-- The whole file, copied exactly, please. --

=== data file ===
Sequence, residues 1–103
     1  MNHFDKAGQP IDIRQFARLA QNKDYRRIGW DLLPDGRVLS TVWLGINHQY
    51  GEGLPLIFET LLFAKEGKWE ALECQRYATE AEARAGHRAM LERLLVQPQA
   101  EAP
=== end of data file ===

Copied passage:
Sequence, residues 1–103
     1  MNHFDKAGQP IDIRQFARLA QNKDYRRIGW DLLPDGRVLS TVWLGINHQY
    51  GEGLPLIFET LLFAKEGKWE ALECQRYATE AEARAGHRAM LERLLVQPQA
   101  EAP